What You May Not Know About Preventing Heart Attacks, Strokes, and Diabetes
By Bradley Bale MD and Amy Doneen ARNP with Lisa Collier Cool
Have you ever wondered why someone could feel perfectly fine and then minutes later have a massive heart attack or stroke that either kills the person or causes a life-long disability? Even more challenging is the concept that some people can go in for a full medical exam, including cholesterol and blood pressure check and a stress test, and be told they are fine only to drop dead of a heart attack days or weeks later.
Here’s what you need to know in order to avoid those tragic scenarios:
What causes a heart attack or an ischemic stroke? The blockage that triggers a heart attack or stroke is actually a blood clot, not cholesterol build-up as many believe. The potentially lethal clot occurs when a cholesterol deposit (plaque) inside an artery wall becomes inflamed and causes a tear in the inner lining of the artery. In an attempt of repair this injury, the body tries to seal the crack by forming a blood clot. If the blood clot, or thrombus, blocks the flow of blood in the heart, it can cause a heart attack. If the clot occurs in the brain, it is called a stroke.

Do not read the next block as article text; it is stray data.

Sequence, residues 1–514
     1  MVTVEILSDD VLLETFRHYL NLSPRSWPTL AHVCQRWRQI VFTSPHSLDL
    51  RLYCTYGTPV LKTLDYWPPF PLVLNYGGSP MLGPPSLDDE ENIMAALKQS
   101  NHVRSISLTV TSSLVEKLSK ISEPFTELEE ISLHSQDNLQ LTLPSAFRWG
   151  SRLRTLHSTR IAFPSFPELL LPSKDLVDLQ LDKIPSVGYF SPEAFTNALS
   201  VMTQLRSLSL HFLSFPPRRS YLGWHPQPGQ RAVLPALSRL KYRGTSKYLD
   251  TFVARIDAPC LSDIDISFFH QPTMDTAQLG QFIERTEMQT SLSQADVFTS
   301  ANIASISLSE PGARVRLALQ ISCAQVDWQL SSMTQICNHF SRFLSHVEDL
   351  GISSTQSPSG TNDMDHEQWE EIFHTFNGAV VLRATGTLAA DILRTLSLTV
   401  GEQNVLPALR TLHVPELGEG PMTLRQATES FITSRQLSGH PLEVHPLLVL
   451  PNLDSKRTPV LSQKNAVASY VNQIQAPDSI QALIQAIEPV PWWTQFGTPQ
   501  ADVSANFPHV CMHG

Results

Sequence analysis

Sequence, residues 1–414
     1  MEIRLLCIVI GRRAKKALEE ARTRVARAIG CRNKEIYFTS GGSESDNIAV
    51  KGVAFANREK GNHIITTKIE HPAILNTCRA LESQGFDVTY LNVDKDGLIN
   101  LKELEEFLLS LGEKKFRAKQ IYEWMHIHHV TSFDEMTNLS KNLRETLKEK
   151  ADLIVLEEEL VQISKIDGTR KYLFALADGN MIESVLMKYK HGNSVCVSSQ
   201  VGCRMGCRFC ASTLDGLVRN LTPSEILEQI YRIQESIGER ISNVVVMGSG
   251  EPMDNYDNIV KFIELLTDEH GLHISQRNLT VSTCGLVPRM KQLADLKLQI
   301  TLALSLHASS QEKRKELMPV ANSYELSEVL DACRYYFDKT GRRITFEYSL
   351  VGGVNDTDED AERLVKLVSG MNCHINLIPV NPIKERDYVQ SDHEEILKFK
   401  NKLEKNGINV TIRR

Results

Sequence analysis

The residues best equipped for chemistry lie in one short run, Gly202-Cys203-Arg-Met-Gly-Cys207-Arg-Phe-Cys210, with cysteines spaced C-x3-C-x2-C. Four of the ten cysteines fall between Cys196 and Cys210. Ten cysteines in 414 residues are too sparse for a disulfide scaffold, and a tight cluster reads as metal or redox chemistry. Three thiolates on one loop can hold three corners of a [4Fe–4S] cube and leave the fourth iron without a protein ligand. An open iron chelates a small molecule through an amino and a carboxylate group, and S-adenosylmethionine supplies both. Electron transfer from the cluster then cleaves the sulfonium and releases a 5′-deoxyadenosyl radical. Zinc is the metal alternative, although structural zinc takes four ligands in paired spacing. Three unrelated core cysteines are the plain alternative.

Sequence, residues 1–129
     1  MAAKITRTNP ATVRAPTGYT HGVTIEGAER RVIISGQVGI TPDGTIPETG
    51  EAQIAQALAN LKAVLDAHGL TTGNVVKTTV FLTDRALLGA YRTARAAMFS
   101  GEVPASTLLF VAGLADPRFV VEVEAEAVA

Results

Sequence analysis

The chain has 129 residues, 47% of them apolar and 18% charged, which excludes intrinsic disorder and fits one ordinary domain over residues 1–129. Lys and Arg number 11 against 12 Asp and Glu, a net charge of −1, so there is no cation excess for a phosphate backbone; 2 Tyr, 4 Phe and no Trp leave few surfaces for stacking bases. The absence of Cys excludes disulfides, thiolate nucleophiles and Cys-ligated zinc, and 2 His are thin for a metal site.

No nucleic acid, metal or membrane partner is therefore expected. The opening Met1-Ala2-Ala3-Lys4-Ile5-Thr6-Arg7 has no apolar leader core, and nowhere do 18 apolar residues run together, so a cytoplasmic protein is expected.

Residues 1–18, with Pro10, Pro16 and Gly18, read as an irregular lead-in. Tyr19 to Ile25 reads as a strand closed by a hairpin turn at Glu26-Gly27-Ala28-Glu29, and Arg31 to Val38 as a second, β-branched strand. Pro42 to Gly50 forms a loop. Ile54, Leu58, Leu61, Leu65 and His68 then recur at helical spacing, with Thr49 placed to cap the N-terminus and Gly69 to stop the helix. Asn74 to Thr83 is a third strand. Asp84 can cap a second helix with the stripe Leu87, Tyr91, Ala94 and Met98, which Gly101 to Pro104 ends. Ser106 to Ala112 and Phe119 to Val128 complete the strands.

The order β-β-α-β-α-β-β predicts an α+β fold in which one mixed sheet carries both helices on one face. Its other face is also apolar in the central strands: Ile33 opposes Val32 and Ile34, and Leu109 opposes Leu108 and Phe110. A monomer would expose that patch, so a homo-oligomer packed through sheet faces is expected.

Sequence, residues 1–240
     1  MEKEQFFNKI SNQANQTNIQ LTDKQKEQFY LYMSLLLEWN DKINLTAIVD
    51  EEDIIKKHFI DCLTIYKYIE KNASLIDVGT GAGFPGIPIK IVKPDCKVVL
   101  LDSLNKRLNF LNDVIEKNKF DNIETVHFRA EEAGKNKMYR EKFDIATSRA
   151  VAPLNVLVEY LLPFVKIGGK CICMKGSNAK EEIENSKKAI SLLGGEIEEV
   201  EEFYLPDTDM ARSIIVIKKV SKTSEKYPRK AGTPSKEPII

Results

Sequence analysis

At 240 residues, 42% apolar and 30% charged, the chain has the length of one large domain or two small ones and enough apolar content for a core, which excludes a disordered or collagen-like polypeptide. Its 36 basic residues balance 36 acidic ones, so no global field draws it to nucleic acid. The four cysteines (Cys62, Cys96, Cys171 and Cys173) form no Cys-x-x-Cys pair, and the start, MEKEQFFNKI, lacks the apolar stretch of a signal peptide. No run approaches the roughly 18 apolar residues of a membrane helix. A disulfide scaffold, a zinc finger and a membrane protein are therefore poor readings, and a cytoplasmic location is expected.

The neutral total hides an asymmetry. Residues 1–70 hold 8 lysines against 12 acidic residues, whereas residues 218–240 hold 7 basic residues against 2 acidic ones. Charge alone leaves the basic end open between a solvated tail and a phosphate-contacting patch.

Because the plaque hides in the artery wall, common tests such as the stress test can’t find this silent disease. We recommend tests that utilize B-mode ultrasound testing, called the carotid intima media thickness test (CIMT) to look for plaque in the wall of the artery. Another test is the coronary calcium test (CACS) that can identify calcified plaque in the vessels around the heart. These tests are not expensive and they are safe, reliable and reproducible.
Inflammation is the driver of both disease and events (heart attacks and strokes). Chronic low-grade inflammation in the blood vessel lining is linked to the development of vascular disease and vascular events (heart attacks and strokes). People with high levels of inflammatory biomarkers are up to nine times more likely to develop blockages in their arteries compared to people with lower levels. There are cost-effective laboratory tests that should be performed regularly to determine if you have inflammation in your arterial system and to know if your treatment is working. If treatment such as lifestyle changes and medication are working, the inflammation should be eradicated. If inflammation is treated properly, the body will heal.